“I’ve apologised to Liz and the Diamonds team for any harm or hurt that I may have caused and I have since found out that they 100 per cent stand by Donnell and I have thanked them for that and I have commended them for that and I have told them that with this stance they are making, this is helping to change the way First Nation issues and athletes will be regarded in the future.”
A slightly gun shy and weary-sounding Finnan-White is adamant that all of this could have been avoided had the matter been properly dealt with when the Hancock Deal was done, but also expressed her gratification to Watson et al for the support they have shown and the talk they have bravely walked.
“I told them how proud I was of Donnell and the team for sticking up for this issue, and also for standing by their Sisters in Arms legacy, which is they’re all in it together, and one-in, all-in kind of attitude,” says the 20-Test former defender.
“I told them that they’re actually creating change in this space and this is something that I’ve been busting my butt over the past 30 years to try to create change in netball for our First Nations peoples.
“The power of a collective voice can never be underestimated, and we as Indigenous people need allies on our side and the Diamonds have just stood up as a strong ally for our people in what they’re doing, and I want them to feel proud of it.”
When Finnan-White has texted Wallam recently, she’s received an emoji in reply. Which is plenty.
“I just want her to know I’m there if she needs me, and when I get the little love heart that makes me happy. So, yeah, she’s OK, and I am sure she just wants to get on with playing for her country and making her family and community proud.”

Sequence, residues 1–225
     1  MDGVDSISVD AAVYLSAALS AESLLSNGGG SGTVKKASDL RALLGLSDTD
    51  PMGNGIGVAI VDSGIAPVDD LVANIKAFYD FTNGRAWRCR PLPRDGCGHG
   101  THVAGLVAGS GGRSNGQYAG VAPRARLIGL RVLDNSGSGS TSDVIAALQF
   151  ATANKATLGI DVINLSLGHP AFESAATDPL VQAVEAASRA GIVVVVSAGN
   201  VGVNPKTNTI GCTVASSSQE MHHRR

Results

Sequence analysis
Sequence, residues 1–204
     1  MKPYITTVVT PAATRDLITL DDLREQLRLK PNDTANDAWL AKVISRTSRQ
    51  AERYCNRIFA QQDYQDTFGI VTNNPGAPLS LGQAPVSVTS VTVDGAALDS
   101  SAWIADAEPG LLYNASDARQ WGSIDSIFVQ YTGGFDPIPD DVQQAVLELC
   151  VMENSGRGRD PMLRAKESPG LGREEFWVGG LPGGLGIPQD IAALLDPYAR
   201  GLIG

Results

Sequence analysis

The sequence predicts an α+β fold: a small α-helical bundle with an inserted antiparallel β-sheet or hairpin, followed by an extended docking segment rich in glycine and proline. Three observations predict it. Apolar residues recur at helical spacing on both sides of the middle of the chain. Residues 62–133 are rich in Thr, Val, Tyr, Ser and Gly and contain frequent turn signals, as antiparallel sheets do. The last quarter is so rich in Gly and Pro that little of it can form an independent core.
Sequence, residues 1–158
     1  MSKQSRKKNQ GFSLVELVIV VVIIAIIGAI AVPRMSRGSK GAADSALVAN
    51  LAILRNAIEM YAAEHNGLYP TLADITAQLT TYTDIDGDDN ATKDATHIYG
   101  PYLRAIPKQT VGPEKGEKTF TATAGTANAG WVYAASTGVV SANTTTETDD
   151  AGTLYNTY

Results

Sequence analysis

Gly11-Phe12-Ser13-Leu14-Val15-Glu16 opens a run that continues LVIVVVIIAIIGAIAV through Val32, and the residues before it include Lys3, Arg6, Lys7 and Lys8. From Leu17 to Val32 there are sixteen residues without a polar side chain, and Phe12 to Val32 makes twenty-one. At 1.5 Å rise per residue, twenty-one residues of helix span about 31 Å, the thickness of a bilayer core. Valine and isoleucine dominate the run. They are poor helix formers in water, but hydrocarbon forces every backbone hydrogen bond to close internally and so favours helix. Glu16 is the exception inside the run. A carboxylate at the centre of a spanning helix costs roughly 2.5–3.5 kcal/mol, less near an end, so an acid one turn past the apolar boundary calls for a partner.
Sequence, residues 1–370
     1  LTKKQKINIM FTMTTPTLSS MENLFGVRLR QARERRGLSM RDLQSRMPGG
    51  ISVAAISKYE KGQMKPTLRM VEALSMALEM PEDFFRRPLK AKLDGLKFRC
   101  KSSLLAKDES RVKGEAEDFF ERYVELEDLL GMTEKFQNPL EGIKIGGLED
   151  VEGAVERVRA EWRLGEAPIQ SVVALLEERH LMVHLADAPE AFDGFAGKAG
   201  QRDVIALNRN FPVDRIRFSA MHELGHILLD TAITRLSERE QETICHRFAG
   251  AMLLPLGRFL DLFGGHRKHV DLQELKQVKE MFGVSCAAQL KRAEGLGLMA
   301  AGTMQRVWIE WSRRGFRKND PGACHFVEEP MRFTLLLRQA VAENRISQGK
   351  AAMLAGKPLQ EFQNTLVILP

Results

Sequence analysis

The backlash has been vicious, though, and Devery, who had to call her parents on a landline from Cardiff to tell them she had made it onto the court that first time, 37 years ago, has been appalled by some of the “vile” social media commentary that she doubts Wallam will have been able to avoid.
“She’d have to be painfully aware of what’s being said about her, so that’s probably where I’d be concerned, too.”
If there are more than 15 million reasons why Wallam’s debut, if and when it comes, will be like no other, then the significance of Marcia Ella and Finnan-White having belated company in the First Nations netball club should not be discounted.
Yet the fact that the likely international entrance of Diamond No.189 will be about so much more than the netball she plays “almost makes me feel a broader sense of sadness, that this is what’s going to happen,” says Thwaites.
“That’s something that, as a sport, there’s still a hell of a long way to go until we get to a point where having a debut for Indigenous athletes will just be about what a debut should be.”
Still, if the value of Netball Australia’s much-trumpeted Declaration of Commitment has seemed closer to cubic zirconia than a rare Argyle pink during the worst elements of all this, then Finnan-White still expects to spill a few tears when the moment arrives, 22 years after she last wore the Australian uniform.
“Even just thinking about it now, it’s emotional. People need to remember that it’s been a very long time since I retired and we’ve had another player, and it’s a big deal for our people, it’s a big deal for all the young Indigenous kids sitting there watching,” she says.
“It instils that pride and that sense of anything’s possible, so we need that visibility of our role models to aspire to, so it’s a very emotional time for me and I’m sure it will be for Donnell.
“But she’s so culturally strong and she has her strong beliefs, and I think she’ll just carry that with her onto the court. Yes, she’ll be emotional, but I don’t think that’s gonna impact her playing performance.”
A finalist in the 2021 Harry Gordon Australian Sports Journalist of the Year Award, Linda Pearce is a Melbourne-based sportswriter with more than three decades experience across newspapers, magazines and digital media, including 23 years at The Age. One of the first women in Australia to cover VFL/AFL and cricket, she has won media awards across a range of sports – including internationally, as the recipient of the ATP’s 2015 Ron Bookman Media Excellence Award. A tennis specialist who has reported from over 50 major tournaments, including 13 Wimbledons, Linda has also covered two Olympic and two Commonwealth Games, plus multiple world championships in gymnastics and aquatics and five Netball World Cups.